|Pentwater Pierhead Light||Seeing The Light|
The value of opening up a channel between the lakes was recognized early, as evidenced by an 1838 report submitted to the Fifth Auditor of the Treasury by Thomas Homans, superintendent of lighthouses for the northwestern lakes. In his report, Homans suggested that "the Rivers au Betaux, Manistee, Pere Marquette, White and Pentwater are capable of being made excellent and safe harbors, accessible to any vessels navigating the lakes. Two parallel piers to each of moderate length and of trivial cost compared to the utility would soon make an abundance of fine harbors on this shore where they are so much needed." While the federal government was thus clearly aware of the value of opening up such a channel at Pentwater, it would be almost 20 years before work would begin, and it would then be undertaken as a private enterprise without the benefit of any federal support.
After purchasing tracts of pine forest around the shores of the lake for $1.00 an acre in 1855, lumber baron Charles Mears established a mill at the northwest end of the lake. A thriving community grew quickly to support the mill, and was incorporated under the name of Middlesex in 1856. Without a navigable channel through which to gain direct access to the lake, the mill remained virtually landlocked, and thus lumber had to be dragged out to the lakeshore where it was lightered onto awaiting vessels anchored offshore for transport to Mears’ yards in Chicago.
Between 1856 and 1858, Mears work crews dammed the swampy outlet in order to raise the water level within the lake, and excavated a shallow channel through the narrow sand dunes to the south of the mill. Lined with timber cribbing and revetments, and protected with a pair of short parallel piers, the channel was opened up to a width of seventy feet. However, the goal of creating a channel deep and wide enough to allow vessels direct access to the mill had yet to be attained. While fishing boats and small coastal vessels were now able to make the passage through the channel into Pentwater Lake, there was insufficient depth for the larger lumber hookers. Thus, lumber was loaded onto a narrow gage railway and transported out to the end of the north pier, where the water was deep enough for larger vessels to tie up.
While the excavation of the channel was a boon to the growing Pentwater fishing fleet, it proved somewhat of a nuisance to travel between the settlements on the north and west shores of the lake. To this end, a ferry was placed into operation across the channel in 1858. Consisting of a wooden scow, motive power was provided by a winch connected to a cable that ran across the bottom between both banks. For the privilege of avoiding the long trip around the two-mile length of the lake, passengers paid 5 cents each, 10 cents for a man with a horse, 25 cents for a team and wagon, and 2 cents each for livestock. After almost ten years of continued improvements, Mears work finally paid off in 1865, when the steamer DAYLITE became the first large vessel to make her way between the piers and through the channel into Pentwater Lake. With the channel thus opened to general maritime commerce, a number of independent lumber-related interests moved into the area, perhaps the largest of which was Eldred's Shingle Mill. Located at the south end of Pentwater Lake, this mill grew to be the largest of its type in the state of Michigan, and according to some reports, the largest in the country.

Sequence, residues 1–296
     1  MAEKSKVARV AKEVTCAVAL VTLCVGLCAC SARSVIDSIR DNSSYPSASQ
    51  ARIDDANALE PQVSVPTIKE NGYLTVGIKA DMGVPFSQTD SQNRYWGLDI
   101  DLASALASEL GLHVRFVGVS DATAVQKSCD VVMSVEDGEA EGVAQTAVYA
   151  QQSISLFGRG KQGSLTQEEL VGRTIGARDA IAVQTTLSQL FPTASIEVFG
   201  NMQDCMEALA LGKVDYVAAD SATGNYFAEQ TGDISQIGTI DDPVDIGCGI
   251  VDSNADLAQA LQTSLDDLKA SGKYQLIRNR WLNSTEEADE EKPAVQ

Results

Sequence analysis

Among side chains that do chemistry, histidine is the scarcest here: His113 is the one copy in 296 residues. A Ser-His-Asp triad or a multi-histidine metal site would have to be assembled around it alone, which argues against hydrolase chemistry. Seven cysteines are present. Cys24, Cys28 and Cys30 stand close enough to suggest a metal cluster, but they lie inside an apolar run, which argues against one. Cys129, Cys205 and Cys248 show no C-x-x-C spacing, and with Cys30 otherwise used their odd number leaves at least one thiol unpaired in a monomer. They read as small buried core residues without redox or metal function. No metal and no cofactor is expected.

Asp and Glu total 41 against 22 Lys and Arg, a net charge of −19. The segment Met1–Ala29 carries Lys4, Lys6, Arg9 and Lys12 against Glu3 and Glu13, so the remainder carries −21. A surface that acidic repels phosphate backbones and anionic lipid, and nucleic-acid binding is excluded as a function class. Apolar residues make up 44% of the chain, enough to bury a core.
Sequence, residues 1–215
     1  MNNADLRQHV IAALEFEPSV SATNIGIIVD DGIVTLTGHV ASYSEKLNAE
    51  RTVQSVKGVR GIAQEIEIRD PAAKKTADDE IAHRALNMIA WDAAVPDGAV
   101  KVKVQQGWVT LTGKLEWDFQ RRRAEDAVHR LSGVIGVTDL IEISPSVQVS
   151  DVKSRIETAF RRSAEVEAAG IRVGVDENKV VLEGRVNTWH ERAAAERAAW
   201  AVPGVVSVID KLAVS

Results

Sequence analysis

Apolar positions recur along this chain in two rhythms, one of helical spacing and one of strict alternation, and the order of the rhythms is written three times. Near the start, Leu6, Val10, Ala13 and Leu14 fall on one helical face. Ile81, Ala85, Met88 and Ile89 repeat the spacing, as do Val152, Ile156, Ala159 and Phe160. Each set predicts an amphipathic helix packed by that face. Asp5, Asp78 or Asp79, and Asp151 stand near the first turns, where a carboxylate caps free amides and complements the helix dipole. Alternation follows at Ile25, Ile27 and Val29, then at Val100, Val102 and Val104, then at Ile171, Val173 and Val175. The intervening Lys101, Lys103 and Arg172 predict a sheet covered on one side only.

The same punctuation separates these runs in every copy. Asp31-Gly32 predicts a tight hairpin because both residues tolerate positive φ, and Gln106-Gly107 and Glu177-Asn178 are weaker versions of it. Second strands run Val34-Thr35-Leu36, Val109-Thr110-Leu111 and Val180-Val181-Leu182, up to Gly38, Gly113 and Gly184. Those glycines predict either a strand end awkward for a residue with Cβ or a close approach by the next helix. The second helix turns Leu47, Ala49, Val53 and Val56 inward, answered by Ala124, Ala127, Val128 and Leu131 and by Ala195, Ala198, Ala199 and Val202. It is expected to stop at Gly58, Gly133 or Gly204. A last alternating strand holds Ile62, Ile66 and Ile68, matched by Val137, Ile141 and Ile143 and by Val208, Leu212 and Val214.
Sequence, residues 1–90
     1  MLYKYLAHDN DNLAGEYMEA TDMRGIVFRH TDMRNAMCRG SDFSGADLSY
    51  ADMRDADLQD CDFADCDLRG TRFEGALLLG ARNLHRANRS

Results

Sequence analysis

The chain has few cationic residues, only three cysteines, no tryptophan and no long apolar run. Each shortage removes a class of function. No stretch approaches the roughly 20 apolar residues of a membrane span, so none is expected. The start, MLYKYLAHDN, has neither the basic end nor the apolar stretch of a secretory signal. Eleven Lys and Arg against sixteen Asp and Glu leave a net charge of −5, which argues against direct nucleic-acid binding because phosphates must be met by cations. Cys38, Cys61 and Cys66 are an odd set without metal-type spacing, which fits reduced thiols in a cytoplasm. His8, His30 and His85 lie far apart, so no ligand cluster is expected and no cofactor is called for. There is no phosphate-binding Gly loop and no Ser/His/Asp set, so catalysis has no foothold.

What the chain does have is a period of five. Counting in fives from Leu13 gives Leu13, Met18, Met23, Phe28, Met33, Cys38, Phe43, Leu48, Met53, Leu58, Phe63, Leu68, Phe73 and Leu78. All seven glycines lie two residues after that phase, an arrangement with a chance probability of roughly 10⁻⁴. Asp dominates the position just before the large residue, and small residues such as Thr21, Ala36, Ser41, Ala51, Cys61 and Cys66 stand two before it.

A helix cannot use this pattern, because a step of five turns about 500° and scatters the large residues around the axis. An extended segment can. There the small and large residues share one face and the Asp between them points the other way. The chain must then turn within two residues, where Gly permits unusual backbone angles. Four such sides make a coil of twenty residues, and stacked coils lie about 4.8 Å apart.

With the economic viability of the channel thus proven, and facing the costs of endless pier repair and channel dredging, Mears began lobbying for federal government to assume responsibility for the woks. Taking up Mears cause in 1867, Michigan Senators Thomas White Ferry and Zachariah Chandler successfully presented bills before Congress calling for the appropriation of funding for harbor improvements at Pentwater, with the initial $55,000 appropriated for the project on March 6, 1867. Thus, late in 1867, the US Army Corps of Engineers arrived in Pentwater to commence a 20-year program to widen the channel to 150 feet, extend the piers, and to open up the channel to a minimum planned navigable depth of 16 feet.
With construction well underway, the Lighthouse Board determined that the establishment of a light on one of the piers would serve to guide vessels into the channel. To this end, a lighthouse crew was dispatched to Pentwater in the spring of 1873 to begin construction of a beacon at the end of the south pier. The structure took the form of a white painted simple timber-framed pyramid structure standing 12 feet in plan. With the upper section enclosed serve as both a service room and as shelter for the keeper during inclement weather, the structure tapered to 8 feet in plan beneath the gallery, which was capped by an octagonal cast iron lantern. While the lantern’s window astragals were of typical construction, the lantern walls were formed by extensions of the wooden walls below, as opposed to typical prefabricated cast iron sections. A spherical cast iron vent ball capped the tapered octagonal roof, and was in turn surmounted by a platinum-tipped lightning rod standing 33 feet above the pier deck.
A timber elevated walkway was constructed leading from the shore to a door in the service room to provide the keeper with safer access to the light above the waves which frequently crashed over the surface of the pier during early winter Lake Michigan storms. With the arrival of the district Lampist from Detroit, a fixed red Sixth Order Fresnel lens was installed on a cast iron pedestal at a focal plane of 25 feet, and the light was exhibited for the first time on the evening of June 20, 1873. Outfitted with a single-wick Sixth Order lamp exhibiting 45 candlepower, the new Pentwater light was visible at a distance of 8 ˝ miles.
Funding for the erection of the beacon was taken from a general appropriation for establishing pierhead beacons throughout the district, and was insufficient for erecting a dwelling for the station. As a result, the new station’s keeper would be responsible for making his own living arrangements from his standard lighthouse service salary. John Davenport, former First Assistant keeper at Skilligalee light was offered the position of Keeper at Pentwater, but declined the promotion, perhaps as a result of the lack of a dwelling. Thus, the position remained unfilled at the time of the light’s initial exhibition, and thus a member of the construction crew was likely held over to maintain the light until a keeper was selected. The position was eventually offered to local resident Francis McGuire, and he appears for the first time on lighthouse payroll records at the station on October 22, 1873. Evidently, Keeper McGuire found more lucrative employment in the area, since re resigned from lighthouse service on March 3, 1877, and his wife Annie was immediately appointed as Acting Keeper, and after six months proving her capabilities, she was promoted to full Keeper status on September 20.